From counting citations to measuring usage: People got in the habit of counting how many papers a research produce. This is silly. Nobody counts how many novels a writer has produced as a way to measure his importance. So people have started counting citations. This is better because it is a bit less obvious how you might game it, but it is still silly because 90% of citations are shallow: most authors haven't even read the paper they are citing. We tend to cite famous authors and famous venues in the hope that some of the prestige will get reflected. So, that's the current state-of-the-art. But why stop there? We have the technology to measure the usage made of a cited paper. If you merely cite a paper "in passing", that's rather easy for a computer to measure this effect. Some citations are more significant: for example it can be an extension of the cited paper. Fairly elementary machine learning techniques should suffice to measure the impact of your papers based on how much following papers build on your results. Why isn't it done?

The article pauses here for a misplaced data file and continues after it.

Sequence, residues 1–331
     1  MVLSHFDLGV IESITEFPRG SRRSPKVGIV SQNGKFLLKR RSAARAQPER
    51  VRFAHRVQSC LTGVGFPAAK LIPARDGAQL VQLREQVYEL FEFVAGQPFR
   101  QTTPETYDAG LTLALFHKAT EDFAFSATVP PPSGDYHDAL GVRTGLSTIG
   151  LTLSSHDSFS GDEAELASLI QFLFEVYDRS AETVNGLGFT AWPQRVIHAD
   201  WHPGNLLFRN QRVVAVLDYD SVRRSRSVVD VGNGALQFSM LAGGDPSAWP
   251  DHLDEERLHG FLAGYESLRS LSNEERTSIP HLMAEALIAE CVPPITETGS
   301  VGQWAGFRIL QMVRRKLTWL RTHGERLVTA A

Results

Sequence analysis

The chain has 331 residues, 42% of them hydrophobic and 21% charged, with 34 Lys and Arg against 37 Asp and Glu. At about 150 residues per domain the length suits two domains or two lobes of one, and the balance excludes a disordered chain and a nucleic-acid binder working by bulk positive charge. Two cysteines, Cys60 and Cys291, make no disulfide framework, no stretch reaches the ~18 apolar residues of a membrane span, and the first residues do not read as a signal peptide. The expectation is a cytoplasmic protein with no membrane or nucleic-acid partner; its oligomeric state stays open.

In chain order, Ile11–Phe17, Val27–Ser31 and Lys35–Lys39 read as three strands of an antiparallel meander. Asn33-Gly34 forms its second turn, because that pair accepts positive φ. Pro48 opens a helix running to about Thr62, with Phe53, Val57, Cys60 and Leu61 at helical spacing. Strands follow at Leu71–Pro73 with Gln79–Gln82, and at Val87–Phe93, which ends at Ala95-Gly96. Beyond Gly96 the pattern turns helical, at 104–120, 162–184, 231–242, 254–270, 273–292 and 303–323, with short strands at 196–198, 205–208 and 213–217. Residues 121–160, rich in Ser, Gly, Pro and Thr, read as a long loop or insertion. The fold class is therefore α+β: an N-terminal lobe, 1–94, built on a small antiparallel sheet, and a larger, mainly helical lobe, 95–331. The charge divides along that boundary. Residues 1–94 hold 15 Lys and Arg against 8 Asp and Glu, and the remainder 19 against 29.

Update: I wrote a blog post based on this G+ post: http://lemire.me/blog/archives/2012/03/20/from-counting-citations-to-measuring-usage-help-needed/
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